master brummie
There was a lady who used to demo cosmetics on Saturday morning. she was there for years. She was small and brash, and the panstick on her face would have plastered any wall. Thre was always a crowd at her counter, and the banter was wonderful.

Peter Walker

gone but not forgotten
Lewis's (and other firms') ice cream

Sylvia's note on the ice cream machines in Lewis's brings back memories -but mine were not so fond.
From when I was a real nipper before the war, I can remember only two brands - Midland Counties, whose tubs had a blue-and-white diamond checker pattern round the cardboard sides, and Wall's, who had a depot in Nineveh Road, right next to the bridge over Hockley Brook, just round the corner from my three surviving grandparents. A small army of 'Stop me and buy one' men went out from there every day on their tricycles. With rationing and so on, I think ice cream went off the menu from some time in mid to late 1940.
The next I remember about ice cream was at a department store in Leicester in early 1945, (I think it was another branch of Lewis's, but I am not sure now), when a substance looking like off-white non-drip emulsion paint was being put into cornets that were probably years old. As I remember, the taste was mainly of powdered milk, saccharin and cornflour, and it left behind an unfamiliar feeling on the tongue, reminiscent of diluted cod liver oil. Yuk.
Not long after that, a similar substance was sold at the Birmingham Lewis's, as I remember in the base lobby in Bull Street close to Grey's. Shortly after came the d-i-y machines where I think you turned a small lever rather than pressed a button, and the mixture oozed into your empty cornet. I believe you paid a cashier before leaving, rather than putting cash into the machines at that time.
I would guess now that it was not until 1946 or 47 that the battery of slot machines Sylvia mentions were working. By that time, ice cream was quite nice, I remember.


master brummie
My first memories of these ice cream machines go back to about 1950/2
I went to Aston Commercial and as my friends lived in various parts of Birmingham we used to meet in town on Saturdays or in the holidays and mooch round town, we didn't have much money to spend but could usually run to an ice cream or a waffle.


I worked in Lewis,s in the 1960/70s and there were 5 selling floors plus basement .
The 6th floor was two restaurants 1 self service the other waitress service

The 7th floor was the staff restaurants.there were four staff restaurants 1 for staff 1 for assistant managers both self service then 1 for managers and 1 for senior managers both waitress service .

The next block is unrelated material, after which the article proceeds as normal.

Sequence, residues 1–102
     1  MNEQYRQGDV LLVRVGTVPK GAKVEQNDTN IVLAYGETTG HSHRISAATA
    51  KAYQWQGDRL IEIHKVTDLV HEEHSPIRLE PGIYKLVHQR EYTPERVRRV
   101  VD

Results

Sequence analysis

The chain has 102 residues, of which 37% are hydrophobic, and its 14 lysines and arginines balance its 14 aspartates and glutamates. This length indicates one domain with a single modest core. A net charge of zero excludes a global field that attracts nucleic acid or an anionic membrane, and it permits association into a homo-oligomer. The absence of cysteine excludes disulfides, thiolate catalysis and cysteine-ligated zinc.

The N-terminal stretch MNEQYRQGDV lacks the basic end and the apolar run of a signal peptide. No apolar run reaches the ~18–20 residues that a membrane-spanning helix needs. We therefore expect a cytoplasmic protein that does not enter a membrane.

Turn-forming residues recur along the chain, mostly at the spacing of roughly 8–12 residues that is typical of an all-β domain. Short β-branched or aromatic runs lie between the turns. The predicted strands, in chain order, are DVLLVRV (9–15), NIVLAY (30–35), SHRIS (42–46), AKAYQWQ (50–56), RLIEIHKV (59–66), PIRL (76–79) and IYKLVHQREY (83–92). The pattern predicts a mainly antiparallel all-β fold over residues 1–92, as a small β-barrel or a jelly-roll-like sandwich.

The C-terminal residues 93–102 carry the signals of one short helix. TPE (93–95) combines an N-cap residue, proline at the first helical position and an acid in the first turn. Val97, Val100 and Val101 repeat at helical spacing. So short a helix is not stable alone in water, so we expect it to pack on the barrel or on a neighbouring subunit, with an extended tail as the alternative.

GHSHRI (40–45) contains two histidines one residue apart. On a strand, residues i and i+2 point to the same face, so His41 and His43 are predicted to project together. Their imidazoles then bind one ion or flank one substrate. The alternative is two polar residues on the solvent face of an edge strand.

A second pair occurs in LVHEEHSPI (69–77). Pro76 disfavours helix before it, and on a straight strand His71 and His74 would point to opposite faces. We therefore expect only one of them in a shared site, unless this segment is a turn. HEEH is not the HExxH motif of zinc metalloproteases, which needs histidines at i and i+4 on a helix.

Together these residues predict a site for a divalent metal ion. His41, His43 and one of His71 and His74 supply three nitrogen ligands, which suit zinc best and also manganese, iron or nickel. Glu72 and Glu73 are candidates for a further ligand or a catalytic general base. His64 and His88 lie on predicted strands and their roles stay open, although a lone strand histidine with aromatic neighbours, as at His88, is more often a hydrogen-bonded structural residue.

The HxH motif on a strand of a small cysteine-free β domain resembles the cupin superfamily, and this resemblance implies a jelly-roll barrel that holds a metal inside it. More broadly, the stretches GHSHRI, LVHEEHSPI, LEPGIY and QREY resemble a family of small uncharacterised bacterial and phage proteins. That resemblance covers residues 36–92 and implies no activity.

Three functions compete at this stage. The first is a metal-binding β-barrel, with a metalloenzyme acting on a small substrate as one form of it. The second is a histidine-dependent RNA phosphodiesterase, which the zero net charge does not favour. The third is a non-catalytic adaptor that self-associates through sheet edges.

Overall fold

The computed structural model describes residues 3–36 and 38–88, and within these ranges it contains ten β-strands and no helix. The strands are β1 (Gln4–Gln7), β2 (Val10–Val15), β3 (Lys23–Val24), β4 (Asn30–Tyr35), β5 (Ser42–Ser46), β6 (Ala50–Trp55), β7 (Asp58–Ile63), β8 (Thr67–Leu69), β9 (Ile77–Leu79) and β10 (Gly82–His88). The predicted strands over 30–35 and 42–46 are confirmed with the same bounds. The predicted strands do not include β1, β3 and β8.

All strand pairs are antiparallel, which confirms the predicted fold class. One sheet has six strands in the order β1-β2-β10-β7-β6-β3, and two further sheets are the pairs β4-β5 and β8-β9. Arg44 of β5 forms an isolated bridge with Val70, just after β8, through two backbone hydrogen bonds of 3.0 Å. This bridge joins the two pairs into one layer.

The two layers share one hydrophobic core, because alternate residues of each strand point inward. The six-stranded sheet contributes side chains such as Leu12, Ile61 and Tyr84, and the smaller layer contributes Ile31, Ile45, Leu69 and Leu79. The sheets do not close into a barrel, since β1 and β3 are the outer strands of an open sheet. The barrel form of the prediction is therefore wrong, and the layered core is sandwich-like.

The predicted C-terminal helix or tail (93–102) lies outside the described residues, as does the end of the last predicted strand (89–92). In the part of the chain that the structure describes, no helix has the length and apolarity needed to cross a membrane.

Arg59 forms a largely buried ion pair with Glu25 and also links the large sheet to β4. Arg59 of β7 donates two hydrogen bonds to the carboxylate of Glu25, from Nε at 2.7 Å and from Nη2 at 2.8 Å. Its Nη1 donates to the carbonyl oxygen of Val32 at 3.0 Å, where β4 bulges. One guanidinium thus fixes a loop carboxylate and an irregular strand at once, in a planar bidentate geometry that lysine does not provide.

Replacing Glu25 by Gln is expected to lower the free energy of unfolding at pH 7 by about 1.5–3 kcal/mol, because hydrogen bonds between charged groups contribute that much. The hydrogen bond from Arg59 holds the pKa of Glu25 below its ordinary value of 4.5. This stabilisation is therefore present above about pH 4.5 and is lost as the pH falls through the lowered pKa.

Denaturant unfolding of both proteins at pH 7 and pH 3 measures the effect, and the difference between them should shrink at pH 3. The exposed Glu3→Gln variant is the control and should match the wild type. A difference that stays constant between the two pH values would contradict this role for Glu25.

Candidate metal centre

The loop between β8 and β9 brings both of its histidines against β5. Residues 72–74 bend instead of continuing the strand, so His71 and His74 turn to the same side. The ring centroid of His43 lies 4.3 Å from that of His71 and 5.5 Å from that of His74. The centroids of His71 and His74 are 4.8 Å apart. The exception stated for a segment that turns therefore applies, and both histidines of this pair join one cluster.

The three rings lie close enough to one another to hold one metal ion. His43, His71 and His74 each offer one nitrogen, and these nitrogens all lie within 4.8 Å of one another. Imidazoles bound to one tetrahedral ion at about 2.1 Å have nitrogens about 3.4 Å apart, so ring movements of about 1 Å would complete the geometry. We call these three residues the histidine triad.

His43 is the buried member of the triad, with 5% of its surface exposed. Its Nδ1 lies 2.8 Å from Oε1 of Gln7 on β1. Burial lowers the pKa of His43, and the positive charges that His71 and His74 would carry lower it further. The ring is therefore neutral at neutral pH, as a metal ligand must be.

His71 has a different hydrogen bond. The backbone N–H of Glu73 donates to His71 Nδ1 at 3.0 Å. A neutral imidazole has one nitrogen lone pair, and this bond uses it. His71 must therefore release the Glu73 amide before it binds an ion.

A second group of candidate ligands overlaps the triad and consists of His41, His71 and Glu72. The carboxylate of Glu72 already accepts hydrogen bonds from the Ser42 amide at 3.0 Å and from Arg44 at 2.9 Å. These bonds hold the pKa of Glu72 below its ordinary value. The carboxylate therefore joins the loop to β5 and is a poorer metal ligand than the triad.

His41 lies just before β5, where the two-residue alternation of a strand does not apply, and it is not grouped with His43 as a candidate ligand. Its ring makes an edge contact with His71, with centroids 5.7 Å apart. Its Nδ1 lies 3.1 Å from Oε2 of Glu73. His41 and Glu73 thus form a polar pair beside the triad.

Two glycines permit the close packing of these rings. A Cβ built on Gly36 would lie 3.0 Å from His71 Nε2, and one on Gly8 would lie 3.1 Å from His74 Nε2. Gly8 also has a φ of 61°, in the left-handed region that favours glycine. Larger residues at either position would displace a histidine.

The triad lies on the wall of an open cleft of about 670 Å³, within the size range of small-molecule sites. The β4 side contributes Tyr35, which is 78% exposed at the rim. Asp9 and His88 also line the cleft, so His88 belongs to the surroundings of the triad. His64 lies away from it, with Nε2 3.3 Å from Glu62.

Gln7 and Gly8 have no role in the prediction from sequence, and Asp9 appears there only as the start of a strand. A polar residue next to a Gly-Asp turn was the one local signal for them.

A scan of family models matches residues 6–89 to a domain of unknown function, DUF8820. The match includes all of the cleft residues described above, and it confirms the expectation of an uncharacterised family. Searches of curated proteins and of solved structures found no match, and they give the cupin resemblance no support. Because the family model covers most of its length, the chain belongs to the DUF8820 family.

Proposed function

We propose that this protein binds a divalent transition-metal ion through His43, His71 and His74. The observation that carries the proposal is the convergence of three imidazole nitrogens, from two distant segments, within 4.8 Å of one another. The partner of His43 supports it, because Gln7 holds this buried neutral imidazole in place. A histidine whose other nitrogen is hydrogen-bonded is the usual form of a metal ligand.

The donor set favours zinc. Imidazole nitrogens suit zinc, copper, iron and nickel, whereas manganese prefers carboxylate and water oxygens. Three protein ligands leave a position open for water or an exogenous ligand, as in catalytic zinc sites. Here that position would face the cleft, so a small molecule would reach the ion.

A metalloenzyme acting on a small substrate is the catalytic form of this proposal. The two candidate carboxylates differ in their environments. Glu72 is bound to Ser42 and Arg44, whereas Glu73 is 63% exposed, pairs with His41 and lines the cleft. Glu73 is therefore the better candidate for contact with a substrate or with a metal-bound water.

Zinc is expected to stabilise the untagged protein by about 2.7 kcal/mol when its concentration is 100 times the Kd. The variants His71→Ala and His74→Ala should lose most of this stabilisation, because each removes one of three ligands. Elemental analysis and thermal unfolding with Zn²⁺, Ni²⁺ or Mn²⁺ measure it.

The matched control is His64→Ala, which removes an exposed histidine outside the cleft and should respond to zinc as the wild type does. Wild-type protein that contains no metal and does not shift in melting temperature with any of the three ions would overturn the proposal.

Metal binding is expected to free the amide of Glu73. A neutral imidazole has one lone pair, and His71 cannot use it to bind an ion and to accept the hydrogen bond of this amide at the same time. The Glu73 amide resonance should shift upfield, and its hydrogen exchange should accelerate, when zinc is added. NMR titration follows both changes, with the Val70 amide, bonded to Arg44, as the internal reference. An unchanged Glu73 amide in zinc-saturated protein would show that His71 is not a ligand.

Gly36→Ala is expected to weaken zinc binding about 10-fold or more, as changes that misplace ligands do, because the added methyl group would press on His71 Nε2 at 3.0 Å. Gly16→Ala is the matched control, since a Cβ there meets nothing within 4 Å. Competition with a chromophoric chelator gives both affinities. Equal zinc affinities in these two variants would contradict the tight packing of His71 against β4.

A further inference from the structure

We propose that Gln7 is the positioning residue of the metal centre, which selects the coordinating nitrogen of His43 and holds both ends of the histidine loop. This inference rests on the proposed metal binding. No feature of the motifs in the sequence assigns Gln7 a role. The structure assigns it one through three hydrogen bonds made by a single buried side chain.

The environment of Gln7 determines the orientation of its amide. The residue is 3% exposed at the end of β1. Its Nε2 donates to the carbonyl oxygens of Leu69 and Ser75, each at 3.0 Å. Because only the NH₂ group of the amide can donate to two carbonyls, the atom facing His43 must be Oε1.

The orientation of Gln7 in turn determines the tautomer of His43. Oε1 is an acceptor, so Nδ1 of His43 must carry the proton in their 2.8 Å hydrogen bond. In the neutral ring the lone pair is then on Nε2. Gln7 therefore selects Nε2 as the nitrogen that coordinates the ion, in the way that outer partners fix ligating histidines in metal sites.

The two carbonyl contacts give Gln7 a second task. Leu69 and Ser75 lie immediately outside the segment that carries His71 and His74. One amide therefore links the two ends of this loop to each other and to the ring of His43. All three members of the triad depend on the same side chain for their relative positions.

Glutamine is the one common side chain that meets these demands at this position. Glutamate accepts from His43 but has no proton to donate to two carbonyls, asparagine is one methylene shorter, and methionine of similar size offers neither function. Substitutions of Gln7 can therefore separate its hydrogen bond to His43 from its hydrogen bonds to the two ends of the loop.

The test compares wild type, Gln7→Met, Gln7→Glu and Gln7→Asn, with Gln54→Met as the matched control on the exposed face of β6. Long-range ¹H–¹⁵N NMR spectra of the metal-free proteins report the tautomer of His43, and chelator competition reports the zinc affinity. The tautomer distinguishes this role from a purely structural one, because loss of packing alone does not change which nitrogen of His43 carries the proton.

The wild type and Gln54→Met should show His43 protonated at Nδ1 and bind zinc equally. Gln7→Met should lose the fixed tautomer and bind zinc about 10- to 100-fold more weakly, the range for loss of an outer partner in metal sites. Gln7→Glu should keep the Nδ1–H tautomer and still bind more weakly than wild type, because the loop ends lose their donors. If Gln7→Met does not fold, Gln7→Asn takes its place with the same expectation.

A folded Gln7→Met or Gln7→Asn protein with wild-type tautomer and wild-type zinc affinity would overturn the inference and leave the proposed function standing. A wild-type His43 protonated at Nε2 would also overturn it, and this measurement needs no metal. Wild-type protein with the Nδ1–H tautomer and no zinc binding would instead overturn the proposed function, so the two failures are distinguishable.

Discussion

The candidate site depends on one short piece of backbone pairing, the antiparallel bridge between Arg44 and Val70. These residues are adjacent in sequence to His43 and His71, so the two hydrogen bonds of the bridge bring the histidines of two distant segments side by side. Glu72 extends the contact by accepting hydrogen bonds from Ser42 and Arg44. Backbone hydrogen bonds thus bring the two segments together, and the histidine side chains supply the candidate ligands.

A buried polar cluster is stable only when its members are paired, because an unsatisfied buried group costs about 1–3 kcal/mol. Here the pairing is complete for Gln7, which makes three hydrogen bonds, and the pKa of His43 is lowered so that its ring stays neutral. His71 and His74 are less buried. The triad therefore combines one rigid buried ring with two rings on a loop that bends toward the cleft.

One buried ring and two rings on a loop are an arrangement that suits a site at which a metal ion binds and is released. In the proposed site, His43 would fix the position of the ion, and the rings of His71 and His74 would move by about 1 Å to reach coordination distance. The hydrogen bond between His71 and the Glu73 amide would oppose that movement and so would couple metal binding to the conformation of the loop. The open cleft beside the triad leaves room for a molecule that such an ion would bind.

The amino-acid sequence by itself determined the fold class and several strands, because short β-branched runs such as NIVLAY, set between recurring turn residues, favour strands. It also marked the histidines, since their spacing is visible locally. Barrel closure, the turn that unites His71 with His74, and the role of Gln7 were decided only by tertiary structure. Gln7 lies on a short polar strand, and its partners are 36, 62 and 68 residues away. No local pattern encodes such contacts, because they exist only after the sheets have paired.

Underneath the basement was the sub basement which held the staff cloakrooms 1 for women 1 for men . and a few stockrooms.
Underneath the sub basement was a the boiler room.

The basement held tools,tiles, wood, gardening, electriacl goods, hardware,ironmongery, kitchen ware .
Ground floor "B" block was food and pets, the pet shop was closed cus a member of staff died of parrotts disease above that was mens wear , above that ladies wear , third floor was linens and soft funrishings and ladies hairdressing , fourth floor was furniture , Fitfh floor seasonal departments ie Toys,
in The A block ground floor was toiletries, cosmetics, fashion acessories, first floor fashion fabrics miss selfridge, 2nd floor ladies outerwear ,3rd floor beds , 4th floor sofas etc 5th floor seasonal ,

I think childrens wear was on the second floor .
The record shop was outside underneath opposite zissmans menswear , and a coffee bar.

There used to be saying that if you stood outside Lewis,s on a saturday you would see everyone you have ever known.


Kiwi Brummie Admin' Team
:D Peter, if you go to search (Bars top and bottom of this page) and type in 'Lewis's' you will find at least 12 threads where Lewis's gets a mention. One started by Kandor is even entitled 'Lewis's'.
History Lewis's Kandor 6 212 Wed May 12, 2004 2:28 pm ...
Also some posts on topic's and threads have had to be removed over time by the team in the back room, in order to make room for new posts, topics and threads. However on saying that they try very hard and I may say do a very good job at retaining historical ones. 8)
Hope you don't mind my pointing this out no offence intended. :)

Peter Walker

gone but not forgotten
Paul] What I meant to say was how I appreciated recollections from someone who actually worked at Lewis's, rather than passing through like most of us did. The Webring is a wonderful way of recording events, people and places that would otherwise go forgotten. Let's hope it will long continue to give our successors a few tips.